Palladium is the unknown Precious Metal that is probably next in line behind Platinum. I had a look at Platinum yesterday and I think I talked myself out of investing in it, while many comments from other stackers started mentioning other Precious Metals that I know even less about. So today I thought I would have a quick look at Palladium, symbol Pd on the periodic table.
Palladium is also currently cheaper than Gold but its recent price history is interesting in that it seems to be more closely correlated with the stock market and other commodities rather than Gold or other Precious Metals. We see here there is a big peak just after the dotcom peak in late 2000 with troughs corresponding to the subsequent lows in the S&P 500 in July 2002 and after the GFC in January 2009. It has been climbing alongside the S&P 500 ever since. It is currently sitting at record highs at $1,127.80 USD per ounce, alongside the record highs of the US Stockmarket. So it has been behaving more like a Commodity than a Precious Metal from a price perspective.
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Palladium products can be hard to find. There are a few coins such as the Australian Palladium Emu that was only minted from 1995 to 1998 which can be so rare they will carry a hefty premium. The Canadian Mint has been minting Palladium Maple Leaf coins since 2005 and recently the US Mint has started minting a Palladium American Eagle. There are also some nice minted bars from Credit Suisse and Baird & Co.
Approximately 90% of Palladium demand comes from Industrial Usage which goes some way to explaining why it’s Price History looks more like a Commodity and tracks the S&P500 rather than other Precious Metals like Gold. Very similar to Platinum in that a lot of this Industrial Usage is for manufacturing catalytic converters in vehicular emission control units. Also just like Platinum it has an array of medical uses, which is not that surprising since these Precious Metals have a lot of common properties. It is interesting that despite the significant similarities there is a divergence of price between Platinum and Palladium which might suggest the two metals are competing for Industrial Use in the Automotive Industry.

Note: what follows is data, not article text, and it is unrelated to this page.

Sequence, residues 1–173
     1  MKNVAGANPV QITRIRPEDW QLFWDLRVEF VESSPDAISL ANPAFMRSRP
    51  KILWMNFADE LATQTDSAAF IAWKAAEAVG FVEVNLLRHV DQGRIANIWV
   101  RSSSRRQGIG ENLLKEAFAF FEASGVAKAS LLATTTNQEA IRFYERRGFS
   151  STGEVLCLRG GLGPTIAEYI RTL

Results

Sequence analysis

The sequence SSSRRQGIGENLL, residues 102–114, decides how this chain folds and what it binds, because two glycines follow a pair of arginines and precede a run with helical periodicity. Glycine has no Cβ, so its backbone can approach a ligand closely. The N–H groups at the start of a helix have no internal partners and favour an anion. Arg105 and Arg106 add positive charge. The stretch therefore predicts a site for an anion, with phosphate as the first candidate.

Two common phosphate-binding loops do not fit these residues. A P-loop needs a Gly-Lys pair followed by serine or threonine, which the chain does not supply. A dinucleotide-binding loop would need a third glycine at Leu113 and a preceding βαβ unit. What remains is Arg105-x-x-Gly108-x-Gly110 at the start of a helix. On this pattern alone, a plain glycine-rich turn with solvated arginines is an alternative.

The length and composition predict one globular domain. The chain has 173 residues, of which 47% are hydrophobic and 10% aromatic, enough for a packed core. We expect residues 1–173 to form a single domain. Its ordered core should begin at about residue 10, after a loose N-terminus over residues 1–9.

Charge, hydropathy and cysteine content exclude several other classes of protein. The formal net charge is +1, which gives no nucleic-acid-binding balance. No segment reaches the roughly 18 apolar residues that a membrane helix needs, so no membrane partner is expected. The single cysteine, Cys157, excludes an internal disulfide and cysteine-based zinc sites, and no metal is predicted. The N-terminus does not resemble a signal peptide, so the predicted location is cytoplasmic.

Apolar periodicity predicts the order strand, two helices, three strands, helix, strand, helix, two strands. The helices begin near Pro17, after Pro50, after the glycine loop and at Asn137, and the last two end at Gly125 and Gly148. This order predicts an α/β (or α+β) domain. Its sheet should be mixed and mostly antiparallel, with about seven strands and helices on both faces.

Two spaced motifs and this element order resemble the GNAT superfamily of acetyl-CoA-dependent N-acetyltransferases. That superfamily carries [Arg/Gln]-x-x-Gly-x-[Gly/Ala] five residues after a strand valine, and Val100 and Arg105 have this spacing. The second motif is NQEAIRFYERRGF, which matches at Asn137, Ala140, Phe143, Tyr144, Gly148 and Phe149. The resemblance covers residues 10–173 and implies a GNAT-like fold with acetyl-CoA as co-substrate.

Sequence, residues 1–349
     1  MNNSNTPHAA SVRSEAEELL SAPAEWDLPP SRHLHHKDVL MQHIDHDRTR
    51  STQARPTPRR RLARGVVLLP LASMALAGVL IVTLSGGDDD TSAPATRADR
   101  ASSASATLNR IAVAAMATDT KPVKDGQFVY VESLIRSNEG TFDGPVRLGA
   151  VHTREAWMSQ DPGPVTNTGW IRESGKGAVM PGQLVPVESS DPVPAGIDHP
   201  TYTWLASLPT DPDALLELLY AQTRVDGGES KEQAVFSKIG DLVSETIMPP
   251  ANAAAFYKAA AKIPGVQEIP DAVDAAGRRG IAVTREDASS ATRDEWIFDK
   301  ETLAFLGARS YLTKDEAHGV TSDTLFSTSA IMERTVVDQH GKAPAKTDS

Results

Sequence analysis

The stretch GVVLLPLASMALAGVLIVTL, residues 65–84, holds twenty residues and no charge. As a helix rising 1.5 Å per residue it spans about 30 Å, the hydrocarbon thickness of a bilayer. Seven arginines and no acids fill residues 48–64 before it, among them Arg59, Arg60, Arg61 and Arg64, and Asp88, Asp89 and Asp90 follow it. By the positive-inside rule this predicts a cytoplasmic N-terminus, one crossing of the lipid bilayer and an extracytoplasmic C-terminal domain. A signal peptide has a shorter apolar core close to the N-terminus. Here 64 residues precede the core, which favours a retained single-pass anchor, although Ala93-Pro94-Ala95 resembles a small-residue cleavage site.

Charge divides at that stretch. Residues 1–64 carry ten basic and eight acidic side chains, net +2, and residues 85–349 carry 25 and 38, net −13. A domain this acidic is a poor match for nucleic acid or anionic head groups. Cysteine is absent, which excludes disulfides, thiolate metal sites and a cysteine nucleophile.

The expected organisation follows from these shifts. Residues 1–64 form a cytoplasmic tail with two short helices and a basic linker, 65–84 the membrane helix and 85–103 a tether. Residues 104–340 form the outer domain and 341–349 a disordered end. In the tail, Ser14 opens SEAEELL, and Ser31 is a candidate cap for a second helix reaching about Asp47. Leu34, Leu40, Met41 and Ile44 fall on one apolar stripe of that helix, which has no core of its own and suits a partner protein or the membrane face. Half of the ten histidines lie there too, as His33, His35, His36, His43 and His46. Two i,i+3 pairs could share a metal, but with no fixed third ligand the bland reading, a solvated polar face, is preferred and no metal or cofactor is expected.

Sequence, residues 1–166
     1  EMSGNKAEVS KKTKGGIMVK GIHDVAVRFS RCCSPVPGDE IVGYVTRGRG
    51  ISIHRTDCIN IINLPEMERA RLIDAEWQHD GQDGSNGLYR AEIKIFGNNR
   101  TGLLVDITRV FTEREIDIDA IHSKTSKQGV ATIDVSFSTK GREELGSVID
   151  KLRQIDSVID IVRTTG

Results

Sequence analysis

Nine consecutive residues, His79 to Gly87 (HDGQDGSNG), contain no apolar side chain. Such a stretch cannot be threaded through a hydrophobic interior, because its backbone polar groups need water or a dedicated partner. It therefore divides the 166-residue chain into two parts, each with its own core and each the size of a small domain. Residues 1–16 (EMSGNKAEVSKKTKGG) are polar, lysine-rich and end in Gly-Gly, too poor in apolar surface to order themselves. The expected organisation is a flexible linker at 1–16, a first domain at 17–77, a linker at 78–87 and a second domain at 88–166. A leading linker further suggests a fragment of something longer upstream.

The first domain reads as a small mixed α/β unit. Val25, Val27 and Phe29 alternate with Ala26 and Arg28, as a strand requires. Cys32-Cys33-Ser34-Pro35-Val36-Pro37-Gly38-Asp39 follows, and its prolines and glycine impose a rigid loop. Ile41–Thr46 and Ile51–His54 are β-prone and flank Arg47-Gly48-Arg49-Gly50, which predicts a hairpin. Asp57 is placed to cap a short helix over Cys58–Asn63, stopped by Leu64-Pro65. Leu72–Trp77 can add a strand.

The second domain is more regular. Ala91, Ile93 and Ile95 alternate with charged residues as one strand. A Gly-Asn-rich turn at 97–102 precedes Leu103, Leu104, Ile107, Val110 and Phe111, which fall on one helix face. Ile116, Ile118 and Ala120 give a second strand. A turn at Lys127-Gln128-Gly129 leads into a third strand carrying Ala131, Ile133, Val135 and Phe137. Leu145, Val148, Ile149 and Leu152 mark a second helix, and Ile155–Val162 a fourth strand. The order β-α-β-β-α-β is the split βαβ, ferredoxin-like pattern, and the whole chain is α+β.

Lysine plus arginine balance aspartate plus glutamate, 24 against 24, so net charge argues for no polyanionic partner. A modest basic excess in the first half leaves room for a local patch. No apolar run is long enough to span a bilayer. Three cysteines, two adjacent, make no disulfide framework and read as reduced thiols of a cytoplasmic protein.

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Just like Platinum there are Allocated and Unallocated accumulation programs offered by Bullion Dealers. There are Exchange Traded Funds for Palladium available on most major stock exchanges. Mining companies with Palladium prospects can be hard to find and they usually have other metals in their portfolio. The biggest is probably Norilsk Nickel which accounts for 41% of global Palladium production but with such a broad range of base metals it can be near impossible to find a pure Palladium play in the mining sector. Sometimes it is possible to find ETFs which are made up of mining companies with a particular commodity focus, but I haven’t been able to find one for Palladium.
Before researching this post I didn’t know much about Palladium but I am finding myself intrigued by this Precious Metal. The idea of adding a something to my stack which has a correlation to the stock market is an interesting concept. I feel like I should be doing a bit more research into catalytic converters to see if I can figure out why there is a price divergence and whether Platinum is a better buy because it’s undervalued, or whether Palladium has a better long-term future as an Industrial metal even with the impending electric car boom. That said, if I can find a Palladium Canadian Maple of American Eagle locally with a reasonably low premium I might grab one.